Last week at HashiConfEU our own Anne Currie unveiled the MVP of MicroBadger , a tool we’ve been working on to make managing containers easier and safer. In this post we’ll explain the motivation behind MicroBadger; show why it is already gaining support from influential people in the container ecosystem, and of course, we’ll explain how to use it.
As the number of Docker images in your system increases certain questions become hard to answer.
What is in those images? How can I get back to the exact commit that created this image? How can I tell how many of the containers that I’m running come from an image containing a library with a known bug or security flaw? In fact, do I even know which of the container images I’ve built are running in my cluster?
In 2015 Sonatype released their ‘ State of the Software Supply Chain ’ which highlighted some key areas that were not receiving enough attention from the Docker community, the bottom line: we rarely have a good idea about what we are actually running. While this may be manageable for development workloads where developers have an intimate knowledge of what they are working on and the risk is lower, it becomes a ticking time bomb when scaled up for production.
The issue becomes especially prevalent issue at companies running microservice architectures with quick development cycles. They may have hundreds of different services being developed, with each service’s respective CI pipeline pushing out many new version per day. Bitnami captured this well in a recent TheNewStack article : the “… lifecycle and change and configuration management technologies and habits that evolved over 5-10 years of managing virtual infrastructure will need to be re-examined. ”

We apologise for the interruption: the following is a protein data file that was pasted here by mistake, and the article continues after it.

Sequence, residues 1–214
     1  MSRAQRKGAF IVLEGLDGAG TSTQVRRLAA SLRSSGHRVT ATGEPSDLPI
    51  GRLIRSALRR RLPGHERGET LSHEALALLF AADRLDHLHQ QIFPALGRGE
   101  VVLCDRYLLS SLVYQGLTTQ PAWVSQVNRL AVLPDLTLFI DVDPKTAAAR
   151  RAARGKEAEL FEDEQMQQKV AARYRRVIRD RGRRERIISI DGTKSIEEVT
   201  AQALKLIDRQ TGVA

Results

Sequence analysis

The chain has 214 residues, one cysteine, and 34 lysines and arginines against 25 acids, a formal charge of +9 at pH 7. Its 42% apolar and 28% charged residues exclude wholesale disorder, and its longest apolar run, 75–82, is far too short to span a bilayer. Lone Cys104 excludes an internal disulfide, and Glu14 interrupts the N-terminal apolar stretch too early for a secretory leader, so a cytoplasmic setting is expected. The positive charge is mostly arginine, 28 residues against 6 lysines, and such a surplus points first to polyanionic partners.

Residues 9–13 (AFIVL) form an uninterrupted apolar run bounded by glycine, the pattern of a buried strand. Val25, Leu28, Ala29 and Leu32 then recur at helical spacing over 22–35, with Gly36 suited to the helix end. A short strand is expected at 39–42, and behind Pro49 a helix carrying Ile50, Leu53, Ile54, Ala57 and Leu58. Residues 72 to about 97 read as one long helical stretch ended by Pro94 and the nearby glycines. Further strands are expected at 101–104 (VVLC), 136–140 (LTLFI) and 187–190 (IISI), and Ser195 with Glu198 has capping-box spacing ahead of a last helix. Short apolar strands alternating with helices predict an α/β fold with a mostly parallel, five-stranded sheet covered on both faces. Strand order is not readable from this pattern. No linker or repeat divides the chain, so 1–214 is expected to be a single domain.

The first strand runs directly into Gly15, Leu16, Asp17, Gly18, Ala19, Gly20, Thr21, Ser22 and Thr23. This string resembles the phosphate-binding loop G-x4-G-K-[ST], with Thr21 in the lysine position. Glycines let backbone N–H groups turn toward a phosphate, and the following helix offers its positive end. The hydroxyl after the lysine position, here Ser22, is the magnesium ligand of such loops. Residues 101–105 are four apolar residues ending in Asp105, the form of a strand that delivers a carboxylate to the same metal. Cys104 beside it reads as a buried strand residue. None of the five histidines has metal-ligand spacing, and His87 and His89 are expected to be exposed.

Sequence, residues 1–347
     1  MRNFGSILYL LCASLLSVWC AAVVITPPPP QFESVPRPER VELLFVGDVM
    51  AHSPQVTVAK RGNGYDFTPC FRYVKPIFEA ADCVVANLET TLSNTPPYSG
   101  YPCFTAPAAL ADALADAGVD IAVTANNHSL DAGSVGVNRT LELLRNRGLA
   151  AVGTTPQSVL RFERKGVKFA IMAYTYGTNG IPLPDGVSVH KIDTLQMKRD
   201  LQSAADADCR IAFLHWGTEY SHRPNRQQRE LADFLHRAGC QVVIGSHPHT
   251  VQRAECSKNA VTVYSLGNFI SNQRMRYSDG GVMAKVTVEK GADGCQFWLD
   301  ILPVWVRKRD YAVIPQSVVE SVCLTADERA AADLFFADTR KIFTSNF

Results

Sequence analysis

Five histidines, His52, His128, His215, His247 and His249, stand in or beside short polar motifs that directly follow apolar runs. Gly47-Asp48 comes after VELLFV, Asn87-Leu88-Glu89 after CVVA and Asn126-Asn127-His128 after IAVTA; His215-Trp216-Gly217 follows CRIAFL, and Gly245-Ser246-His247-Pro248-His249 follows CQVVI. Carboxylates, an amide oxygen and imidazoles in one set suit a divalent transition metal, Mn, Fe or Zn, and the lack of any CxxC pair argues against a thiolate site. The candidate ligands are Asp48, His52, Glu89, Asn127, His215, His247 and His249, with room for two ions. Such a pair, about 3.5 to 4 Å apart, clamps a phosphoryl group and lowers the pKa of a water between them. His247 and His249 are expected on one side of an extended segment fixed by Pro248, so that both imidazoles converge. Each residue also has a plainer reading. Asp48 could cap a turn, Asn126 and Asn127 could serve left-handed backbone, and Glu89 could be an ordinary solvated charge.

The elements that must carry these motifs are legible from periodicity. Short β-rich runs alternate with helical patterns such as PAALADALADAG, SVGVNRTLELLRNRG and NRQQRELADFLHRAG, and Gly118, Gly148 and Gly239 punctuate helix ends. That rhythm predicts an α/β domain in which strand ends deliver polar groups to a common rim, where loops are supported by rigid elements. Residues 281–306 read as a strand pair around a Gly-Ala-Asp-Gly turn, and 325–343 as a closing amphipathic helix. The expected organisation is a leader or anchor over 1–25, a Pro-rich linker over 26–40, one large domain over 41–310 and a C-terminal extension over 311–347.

Gareth Rushgrove of Puppet Labs has been talking about this problem for some time too and uses the analogy of a real shipping container’s manifest which states exactly what is inside the container .
With Docker this manifest becomes image metadata and since Docker 1.6 there has been a perfectly good method for expressing such metadata; Docker labels. Unfortunately an informal survey conducted in late 2015 concluded that fewer than 20% of images contain any labels at all . With the remaining 80% it is very difficult to figure out exactly what you’re running when something goes wrong.
What does MicroBadger do right now?
Have you ever found an image on the Docker Hub and wondered what code it was built from? Or tried to locate the Docker image for a source code repo?
By labelling containers with the source code details, MicroBadger makes it easy to move with confidence between source code repository and image hub.
Get badges for your code & image . MicroBadger supplies badges for your GitHub Readme file and Docker Hub notes, so that anyone can easily jump from your source code to Docker image and vice versa.
There are three steps to getting your badges:
Push the image to Docker Hub so that it’s publicly available
Look up the image on MicroBadger
If your image is labelled correctly you’ll get markdown that you can then copy-and-paste to the GitHub readme and into the Docker Hub notes.
With MicroBadger we would like to encourage the use of Docker labels by providing a simple way to inspect them. Of course it will require more than just Docker labels to understand a software supply chain, but we chose to start with labels and will be moving to other areas in later releases such as inspecting the Dockerfile and following library dependencies from there.